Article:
Reforms to the Ontario justice system may compound the problems they are meant to solve
There have been some significant reforms to the Ontario justice system of late. Namely, the amount of damages that can be claimed has been increased both in Small Claims Court and under the Simplified Procedure rules. As of January 1, 2020, the amount that can be claimed in Small Claims Court will increase from $25,000 to $35,000, and the limit for Simplified Procedure claims will increase from $100,000 to $200,000.
Although these changes were introduced with the intention of providing increased access to justice, there are some serious concerns as to whether they will function that way in practice. Unless more guidance and resources are provided, these reforms may compound the problem that they are meant to solve.
The changes to the Simplified Procedure regime are quite expansive. Not only will the claim limit be increased, but examinations for discovery will be expanded from two hours to three hours and trials will be limited to five days with a new procedure in place. On top of that, there will be a $50,000 limit on the amount of costs that can be recovered and a $25,000 limit on disbursements (both exclusive of HST).
These amendments are aimed at making civil procedure more accessible and streamlined for claims under $200,000. And these new rules will help ensure that the regime functions as intended.
The reform to Small Claims Court, however, may have the opposite effect. Unlike the amendments to the Simplified Procedure regime, there have been no other changes announced for the Small Claims process, nor do we know whether more economic and judicial resources will be dedicated to Small Claims Court.
This is concerning for a few reasons, the most pressing of which is that Small Claims Court may not be able to accommodate an increase in the number of Small Claims actions being heard.
The government press release announcing the changes stated that the Small Claims damages cap was being increased to allow more claims to be determined in that court, making “it faster, easier and more affordable for people and businesses to resolve their disputes in front of a judge.”
This makes sense on paper. After all, the Small Claims process involves many fewer steps than the Superior Court regime, and it’s technically easier to get a claim to trial. However, anyone who has experience in Small Claims Court will tell you it is far from fast and easy.
The annual reports issued by Ontario Superior Court routinely describe the Small Claims Court as “extraordinarily busy.” Nearly half of all civil claims in the province are commenced in Small Claims Court. Since the Small Claims limit was increased from $10,000 to $25,000 in 2010, there have been about 60,000 new claims commenced each year in the 77 Small Claims Court locations across Ontario. That is nearly half a million new claims in the past eight years.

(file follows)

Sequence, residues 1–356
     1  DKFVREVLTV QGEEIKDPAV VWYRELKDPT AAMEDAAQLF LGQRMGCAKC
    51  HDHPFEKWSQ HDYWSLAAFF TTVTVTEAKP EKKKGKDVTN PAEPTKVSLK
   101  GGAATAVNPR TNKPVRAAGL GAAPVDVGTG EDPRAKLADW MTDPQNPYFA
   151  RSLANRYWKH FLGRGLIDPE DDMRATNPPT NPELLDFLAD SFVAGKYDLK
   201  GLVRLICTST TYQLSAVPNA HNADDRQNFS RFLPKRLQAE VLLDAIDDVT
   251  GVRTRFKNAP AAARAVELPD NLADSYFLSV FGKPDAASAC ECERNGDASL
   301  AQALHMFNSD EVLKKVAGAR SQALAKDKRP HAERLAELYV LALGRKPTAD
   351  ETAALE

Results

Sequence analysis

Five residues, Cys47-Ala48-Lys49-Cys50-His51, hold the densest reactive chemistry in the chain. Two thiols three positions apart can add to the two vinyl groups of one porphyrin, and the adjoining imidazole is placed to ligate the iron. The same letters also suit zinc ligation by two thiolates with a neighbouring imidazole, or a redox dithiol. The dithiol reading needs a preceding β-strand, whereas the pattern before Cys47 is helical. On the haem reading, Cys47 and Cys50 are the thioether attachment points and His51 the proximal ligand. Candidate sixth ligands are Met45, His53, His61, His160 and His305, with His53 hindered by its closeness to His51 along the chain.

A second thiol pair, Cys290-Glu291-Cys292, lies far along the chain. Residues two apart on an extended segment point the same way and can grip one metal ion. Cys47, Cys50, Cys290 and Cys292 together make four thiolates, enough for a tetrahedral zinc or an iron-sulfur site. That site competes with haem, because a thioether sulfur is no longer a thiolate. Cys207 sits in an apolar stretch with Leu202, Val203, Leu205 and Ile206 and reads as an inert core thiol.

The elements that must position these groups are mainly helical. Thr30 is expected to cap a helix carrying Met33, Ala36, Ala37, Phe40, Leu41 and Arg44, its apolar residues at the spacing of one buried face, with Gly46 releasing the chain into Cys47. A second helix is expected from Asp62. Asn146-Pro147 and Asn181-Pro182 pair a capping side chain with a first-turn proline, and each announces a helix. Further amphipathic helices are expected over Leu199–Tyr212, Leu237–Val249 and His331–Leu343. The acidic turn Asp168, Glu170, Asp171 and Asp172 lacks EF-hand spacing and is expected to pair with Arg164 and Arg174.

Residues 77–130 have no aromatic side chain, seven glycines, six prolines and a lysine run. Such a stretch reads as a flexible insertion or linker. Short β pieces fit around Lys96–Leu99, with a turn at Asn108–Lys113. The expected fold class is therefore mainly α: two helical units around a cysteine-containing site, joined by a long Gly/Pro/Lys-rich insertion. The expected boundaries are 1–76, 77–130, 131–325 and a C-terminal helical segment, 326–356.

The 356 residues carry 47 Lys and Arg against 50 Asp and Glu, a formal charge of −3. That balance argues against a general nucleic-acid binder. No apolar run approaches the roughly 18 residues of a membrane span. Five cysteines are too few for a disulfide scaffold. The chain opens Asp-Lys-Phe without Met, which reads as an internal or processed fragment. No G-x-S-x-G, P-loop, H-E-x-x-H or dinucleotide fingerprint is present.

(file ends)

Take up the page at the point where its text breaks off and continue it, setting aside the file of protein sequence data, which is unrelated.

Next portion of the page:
The sheer volume of claims commenced each year puts a massive strain on the system and slows things down as a result. The prospect of adding more claims to a system that’s already bursting at the seams raises real concern. If the system is going to be reformed to push more cases into the Small Claims arena, more resources should also be dedicated to accommodating that increase.
Another concern has to do with costs recovery. As the Small Claims limit is increased, the cases that will be adjudicated there will become more serious. Not only will the stakes increase, but so will the complexity of the proceedings. This will mean more motions, more documentary production and longer trials.
As this happens, parties will likely need to retain lawyers more often to adjudicate their claims. And as we all know, lawyers do not come cheap. This creates a problem given the very low limit on costs awards in Small Claims Court. Specifically, section 29 of the Courts of Justice Act limits costs awards in Small Claims Court to 15 per cent of the amount claimed. That means that, for a maximum claim of $35,000, a party cannot recover more than $5,250 in costs, which may only cover a small fraction of the actual legal fees for a trial.
And speaking of trials, there has been no indication as to whether there will be limits placed on trial length in the Small Claims forum. The new five-day limit on Simplified Procedure trials is aimed at ensuring that things get wrapped-up expeditiously. Unfortunately, there is no such limit for Small Claims trials. Practically, this means that a $200,000 claim must be tried in five days, while a $5,000 claim in Small Claims Court can be tried in twice that amount of time, or longer.
Trial lengths in Small Claims Court already create huge problems. Parties can wait many months for a Small Claims trial date and lengthy trials are often cut short and then adjourned for many more months. As a result, due to the shortage of resources, many Small Claims matters take well over a year to complete.
Finally, more Small Claims matters mean more appeals. An appeal from a Small Claims decision lies with the Ontario Divisional Court, which is already one of the busiest appellate courts in Canada. With approximately 1,500 new proceedings commenced in Divisional Court each year, it is becoming increasingly difficult to get an appeal heard in a timely fashion.
If more cases are pushed down to Small Claims Court, it seems reasonable to conclude that there will be more Divisional Court appeals. This will place additional strain on a system that is already overburdened.
Taking all this into account, it is imperative that more reforms and resources be dedicated to the Small Claims arena. Although raising the damages cap is a well-intentioned move, it may end up creating more problems than it solves.